On Labor Day, One March Abandoned, Another Improvised

About 2,000 workers in Phnom Penh on Sunday defied a government ban on celebrating International Labor Day with a march by getting as close as they could to the National Assembly, where they called for higher wages and changes to the newly approved Trade Union Law.

As it has done ahead of Labor Days past, Phnom Penh City Hall last week rejected union requests to march through the city on the grounds that they would wreak undue havoc on weekend drivers. But just as before, some of those unions ignored the warning, going ahead with their plans—if slightly revised and improvised.

Union leader Ath Thorn, center, leads a march toward the National Assembly in Phnom Penh on Sunday to mark International Labor Day. (Siv Channa/The Cambodia Daily)
Union leader Ath Thorn, center, leads a march toward the National Assembly in Phnom Penh on Sunday to mark International Labor Day. (Siv Channa/The Cambodia Daily)

Instead of marching from Wat Phnom, Cambodian Labor Confederation president Ath Thorn led some 2,500 workers from outside the Russian Embassy at around 8 a.m. Blocked by about 100 police from walking up Sothearos Boulevard, however, the crowd rerouted around the Foreign Affairs Ministry and NagaWorld casino before being blocked again at Sisowath Quay—a few hundred meters shy of the Assembly—where they rallied until 11 a.m.

Eight representatives were eventually allowed into parliament to deliver their petition to the human rights commission. Among their main demands was a boost to the current $145 monthly minimum wage for garment workers to $207.

“I’m glad I have this chance to march on International Labor Day to demand an increase to our monthly wages. But I have no hope that it will increase to $207 because we used to demand $160 but got only $145,” said Rous Kea, a garment worker who came from Kandal province to join the march.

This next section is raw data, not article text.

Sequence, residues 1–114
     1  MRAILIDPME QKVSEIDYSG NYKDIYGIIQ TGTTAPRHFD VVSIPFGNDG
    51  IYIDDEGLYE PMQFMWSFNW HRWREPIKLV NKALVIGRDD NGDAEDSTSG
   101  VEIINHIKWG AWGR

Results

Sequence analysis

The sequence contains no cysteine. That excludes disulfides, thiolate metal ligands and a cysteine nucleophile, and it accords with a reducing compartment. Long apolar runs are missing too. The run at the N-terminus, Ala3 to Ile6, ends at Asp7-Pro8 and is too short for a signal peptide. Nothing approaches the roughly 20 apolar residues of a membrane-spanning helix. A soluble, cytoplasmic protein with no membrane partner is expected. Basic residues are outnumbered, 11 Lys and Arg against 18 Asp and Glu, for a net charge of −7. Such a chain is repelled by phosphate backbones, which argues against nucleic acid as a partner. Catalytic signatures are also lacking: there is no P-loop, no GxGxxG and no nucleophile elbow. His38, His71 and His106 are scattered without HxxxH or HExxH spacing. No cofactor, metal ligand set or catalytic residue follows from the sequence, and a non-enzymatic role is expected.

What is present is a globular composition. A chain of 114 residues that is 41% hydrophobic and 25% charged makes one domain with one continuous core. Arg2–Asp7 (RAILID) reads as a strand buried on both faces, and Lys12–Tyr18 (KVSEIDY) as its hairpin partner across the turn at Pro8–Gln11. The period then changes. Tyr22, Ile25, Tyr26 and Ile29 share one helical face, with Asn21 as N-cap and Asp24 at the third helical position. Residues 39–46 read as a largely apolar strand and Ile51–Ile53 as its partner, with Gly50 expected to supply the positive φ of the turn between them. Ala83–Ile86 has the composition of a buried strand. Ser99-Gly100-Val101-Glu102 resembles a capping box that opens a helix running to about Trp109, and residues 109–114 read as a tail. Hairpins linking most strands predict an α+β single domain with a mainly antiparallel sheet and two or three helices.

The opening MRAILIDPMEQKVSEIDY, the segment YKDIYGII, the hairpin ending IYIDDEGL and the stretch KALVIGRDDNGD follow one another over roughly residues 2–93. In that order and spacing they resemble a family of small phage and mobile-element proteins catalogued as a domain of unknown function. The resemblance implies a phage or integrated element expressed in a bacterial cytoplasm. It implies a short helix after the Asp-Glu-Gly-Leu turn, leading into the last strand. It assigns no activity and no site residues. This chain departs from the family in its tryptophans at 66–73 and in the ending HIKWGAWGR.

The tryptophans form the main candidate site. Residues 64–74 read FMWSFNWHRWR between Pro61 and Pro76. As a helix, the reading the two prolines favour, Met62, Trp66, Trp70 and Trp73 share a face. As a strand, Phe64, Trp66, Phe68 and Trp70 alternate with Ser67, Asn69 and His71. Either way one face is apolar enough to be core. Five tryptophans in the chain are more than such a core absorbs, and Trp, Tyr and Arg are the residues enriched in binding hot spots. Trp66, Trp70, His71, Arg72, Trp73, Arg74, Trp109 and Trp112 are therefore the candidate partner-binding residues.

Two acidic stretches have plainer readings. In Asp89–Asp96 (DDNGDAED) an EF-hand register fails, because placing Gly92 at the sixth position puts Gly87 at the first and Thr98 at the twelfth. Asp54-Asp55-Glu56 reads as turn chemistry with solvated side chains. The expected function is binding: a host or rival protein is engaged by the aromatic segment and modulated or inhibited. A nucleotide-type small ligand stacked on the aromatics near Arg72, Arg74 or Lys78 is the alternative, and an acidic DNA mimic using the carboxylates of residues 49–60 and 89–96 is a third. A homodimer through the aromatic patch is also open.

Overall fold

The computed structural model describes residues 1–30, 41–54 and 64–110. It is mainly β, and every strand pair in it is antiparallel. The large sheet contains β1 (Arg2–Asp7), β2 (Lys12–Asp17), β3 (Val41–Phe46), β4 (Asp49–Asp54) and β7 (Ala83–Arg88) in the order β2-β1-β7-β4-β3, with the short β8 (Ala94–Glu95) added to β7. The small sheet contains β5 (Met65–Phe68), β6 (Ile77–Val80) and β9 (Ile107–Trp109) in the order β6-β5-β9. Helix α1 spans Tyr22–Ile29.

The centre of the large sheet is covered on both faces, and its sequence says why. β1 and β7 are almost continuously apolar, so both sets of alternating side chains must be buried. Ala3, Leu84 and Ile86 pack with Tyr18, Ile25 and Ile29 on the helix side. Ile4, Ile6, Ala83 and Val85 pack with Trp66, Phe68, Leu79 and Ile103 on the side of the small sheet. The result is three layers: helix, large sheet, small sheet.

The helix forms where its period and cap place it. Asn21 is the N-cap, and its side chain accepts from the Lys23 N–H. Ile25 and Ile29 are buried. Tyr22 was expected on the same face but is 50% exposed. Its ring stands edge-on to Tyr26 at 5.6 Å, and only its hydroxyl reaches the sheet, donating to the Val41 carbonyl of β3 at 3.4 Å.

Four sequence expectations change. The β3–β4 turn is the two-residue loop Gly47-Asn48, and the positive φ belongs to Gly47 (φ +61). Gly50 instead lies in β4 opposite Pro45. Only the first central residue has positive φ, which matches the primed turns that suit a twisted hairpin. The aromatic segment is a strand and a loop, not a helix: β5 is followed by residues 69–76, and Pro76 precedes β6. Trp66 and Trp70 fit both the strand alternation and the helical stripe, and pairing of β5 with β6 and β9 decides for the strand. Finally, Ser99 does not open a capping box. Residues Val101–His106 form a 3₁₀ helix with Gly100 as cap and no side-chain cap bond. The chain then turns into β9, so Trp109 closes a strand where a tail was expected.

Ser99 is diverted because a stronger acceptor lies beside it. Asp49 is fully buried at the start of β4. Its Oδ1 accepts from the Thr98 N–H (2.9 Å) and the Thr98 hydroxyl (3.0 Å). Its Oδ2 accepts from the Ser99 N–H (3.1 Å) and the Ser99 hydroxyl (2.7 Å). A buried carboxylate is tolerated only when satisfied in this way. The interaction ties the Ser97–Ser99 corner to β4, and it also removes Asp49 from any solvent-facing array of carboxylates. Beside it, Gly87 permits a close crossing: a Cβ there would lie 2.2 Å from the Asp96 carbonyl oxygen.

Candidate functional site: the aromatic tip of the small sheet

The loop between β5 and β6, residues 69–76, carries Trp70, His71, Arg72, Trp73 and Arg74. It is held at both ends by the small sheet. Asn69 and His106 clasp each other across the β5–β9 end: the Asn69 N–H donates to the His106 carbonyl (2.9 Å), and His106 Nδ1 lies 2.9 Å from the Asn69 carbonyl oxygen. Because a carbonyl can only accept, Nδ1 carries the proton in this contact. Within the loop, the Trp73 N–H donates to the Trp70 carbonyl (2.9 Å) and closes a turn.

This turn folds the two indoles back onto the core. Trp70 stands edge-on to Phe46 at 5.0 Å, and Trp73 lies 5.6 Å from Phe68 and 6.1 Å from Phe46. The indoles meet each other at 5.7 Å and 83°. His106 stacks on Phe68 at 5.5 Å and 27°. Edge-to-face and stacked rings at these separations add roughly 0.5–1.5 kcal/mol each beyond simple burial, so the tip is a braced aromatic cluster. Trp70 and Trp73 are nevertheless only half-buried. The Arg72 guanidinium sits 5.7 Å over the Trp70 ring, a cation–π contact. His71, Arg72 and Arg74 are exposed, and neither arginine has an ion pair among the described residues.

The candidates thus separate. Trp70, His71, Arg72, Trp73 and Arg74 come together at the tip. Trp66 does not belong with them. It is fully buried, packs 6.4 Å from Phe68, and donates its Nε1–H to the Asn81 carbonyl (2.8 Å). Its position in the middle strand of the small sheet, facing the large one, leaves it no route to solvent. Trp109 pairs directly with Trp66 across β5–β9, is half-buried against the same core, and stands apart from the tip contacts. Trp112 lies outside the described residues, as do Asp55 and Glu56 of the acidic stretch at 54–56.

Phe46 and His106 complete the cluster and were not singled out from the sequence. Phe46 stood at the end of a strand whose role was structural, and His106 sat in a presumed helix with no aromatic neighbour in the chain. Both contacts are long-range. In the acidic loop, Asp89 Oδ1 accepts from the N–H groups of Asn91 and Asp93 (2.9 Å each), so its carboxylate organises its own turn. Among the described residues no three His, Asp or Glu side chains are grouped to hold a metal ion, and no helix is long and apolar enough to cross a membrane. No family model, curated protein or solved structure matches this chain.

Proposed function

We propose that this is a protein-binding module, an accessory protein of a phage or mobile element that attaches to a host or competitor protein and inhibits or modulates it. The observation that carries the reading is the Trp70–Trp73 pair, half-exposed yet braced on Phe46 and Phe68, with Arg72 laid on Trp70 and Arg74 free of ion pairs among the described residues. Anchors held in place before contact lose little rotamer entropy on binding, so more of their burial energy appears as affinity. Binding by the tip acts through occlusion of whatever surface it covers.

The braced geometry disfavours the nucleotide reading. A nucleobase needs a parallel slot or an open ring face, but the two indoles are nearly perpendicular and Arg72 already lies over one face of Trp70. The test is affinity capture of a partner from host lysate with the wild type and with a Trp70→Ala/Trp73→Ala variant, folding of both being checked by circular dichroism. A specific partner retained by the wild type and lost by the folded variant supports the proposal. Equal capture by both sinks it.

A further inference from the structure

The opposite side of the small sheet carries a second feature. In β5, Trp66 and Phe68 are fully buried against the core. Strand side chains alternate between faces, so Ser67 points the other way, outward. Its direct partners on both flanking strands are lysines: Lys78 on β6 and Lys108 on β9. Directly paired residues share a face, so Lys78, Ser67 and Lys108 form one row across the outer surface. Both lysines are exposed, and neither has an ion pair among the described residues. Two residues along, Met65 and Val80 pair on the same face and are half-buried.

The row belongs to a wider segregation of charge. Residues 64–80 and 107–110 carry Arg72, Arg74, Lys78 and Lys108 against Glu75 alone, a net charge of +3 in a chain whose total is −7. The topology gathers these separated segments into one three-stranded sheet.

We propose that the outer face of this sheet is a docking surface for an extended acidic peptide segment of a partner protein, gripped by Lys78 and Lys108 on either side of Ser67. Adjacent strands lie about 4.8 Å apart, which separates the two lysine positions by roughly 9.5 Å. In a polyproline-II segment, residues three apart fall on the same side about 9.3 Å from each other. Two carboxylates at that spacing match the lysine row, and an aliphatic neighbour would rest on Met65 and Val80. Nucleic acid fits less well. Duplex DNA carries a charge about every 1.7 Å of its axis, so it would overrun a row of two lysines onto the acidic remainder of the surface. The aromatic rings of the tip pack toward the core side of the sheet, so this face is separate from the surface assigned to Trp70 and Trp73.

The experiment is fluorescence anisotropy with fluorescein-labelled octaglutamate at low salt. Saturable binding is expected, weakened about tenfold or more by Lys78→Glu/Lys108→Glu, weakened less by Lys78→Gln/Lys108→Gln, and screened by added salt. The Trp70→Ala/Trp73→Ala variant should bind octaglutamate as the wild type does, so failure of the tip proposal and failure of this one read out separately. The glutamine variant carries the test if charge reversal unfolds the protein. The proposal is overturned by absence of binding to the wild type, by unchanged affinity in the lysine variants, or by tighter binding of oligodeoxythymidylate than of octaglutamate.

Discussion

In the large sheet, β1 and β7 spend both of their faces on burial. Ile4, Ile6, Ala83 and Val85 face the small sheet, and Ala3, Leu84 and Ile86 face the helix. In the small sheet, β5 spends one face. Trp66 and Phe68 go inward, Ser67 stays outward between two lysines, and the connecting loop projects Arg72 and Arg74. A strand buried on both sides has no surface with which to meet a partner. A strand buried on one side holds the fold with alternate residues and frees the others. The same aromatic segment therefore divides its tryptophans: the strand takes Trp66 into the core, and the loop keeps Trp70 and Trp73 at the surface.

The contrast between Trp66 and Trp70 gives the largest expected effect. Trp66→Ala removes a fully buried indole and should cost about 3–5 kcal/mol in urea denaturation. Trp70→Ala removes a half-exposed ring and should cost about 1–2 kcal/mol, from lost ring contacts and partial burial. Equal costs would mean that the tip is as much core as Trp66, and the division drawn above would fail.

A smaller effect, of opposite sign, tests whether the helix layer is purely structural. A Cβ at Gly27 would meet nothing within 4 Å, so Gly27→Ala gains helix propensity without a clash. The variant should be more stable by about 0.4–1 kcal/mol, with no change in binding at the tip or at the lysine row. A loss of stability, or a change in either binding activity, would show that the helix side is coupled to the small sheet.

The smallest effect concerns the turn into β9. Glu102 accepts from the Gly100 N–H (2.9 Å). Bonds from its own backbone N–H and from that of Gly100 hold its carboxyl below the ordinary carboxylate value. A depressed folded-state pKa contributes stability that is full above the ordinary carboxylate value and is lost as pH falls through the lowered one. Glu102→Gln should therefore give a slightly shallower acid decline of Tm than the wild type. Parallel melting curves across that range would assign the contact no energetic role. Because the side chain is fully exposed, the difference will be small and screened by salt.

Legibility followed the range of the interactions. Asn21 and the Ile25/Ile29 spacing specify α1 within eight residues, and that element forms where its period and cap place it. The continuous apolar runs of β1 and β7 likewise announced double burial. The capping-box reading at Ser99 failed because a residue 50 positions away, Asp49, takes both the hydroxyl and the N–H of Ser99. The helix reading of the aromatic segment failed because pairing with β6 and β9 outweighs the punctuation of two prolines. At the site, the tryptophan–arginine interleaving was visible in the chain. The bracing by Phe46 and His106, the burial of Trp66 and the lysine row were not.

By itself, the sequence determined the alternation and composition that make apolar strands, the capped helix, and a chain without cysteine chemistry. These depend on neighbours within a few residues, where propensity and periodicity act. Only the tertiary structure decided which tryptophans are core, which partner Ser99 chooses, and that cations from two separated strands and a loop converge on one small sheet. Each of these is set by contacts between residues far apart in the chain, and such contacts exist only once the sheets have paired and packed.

Ms. Kea said she and her husband struggle to support their six children on what they make. “I need $300 a month to live because I pay $50 just for rent, so I need to make money from other jobs to cover our monthly expenses.”

But not all of Sunday’s unions went ahead with their marches.

Workers rally at Olympic Stadium in Phnom Penh yesterday to mark International Labor Day. (Siv Channa/The Cambodia Daily)
Workers rally at Olympic Stadium in Phnom Penh yesterday to mark International Labor Day. (Siv Channa/The Cambodia Daily)

A group of about 10 unions and NGOs abandoned their plans to march from Olympic Stadium to the Labor Ministry and kept the roughly 400 workers who joined them at the sports venue—though they did not suffer City Hall’s ban in silence.

“The weather today is hot, and the political situation is also getting hot,” said labor leader Vorn Pao, referencing the government’s mounting lawsuits against the opposition CNRP and rights advocates.

“Our rights are becoming smaller and smaller. That’s why we have to mark the anniversary at Olympic Stadium,” he said.

Tes Rukhaphal, a member of the Labor Ministry’s committee for strike resolution, was on hand to accept a petition from the groups.

As with the unions gathered near the National Assembly, they demanded a revised union law in line with the International Labor Organization conventions that Cambodia has signed on to.

Ahead of its passage by parliament last month, several unions complained that the new rules were too restrictive. The garment industry argued that the new rules were needed to impose more order on an unruly labor force.

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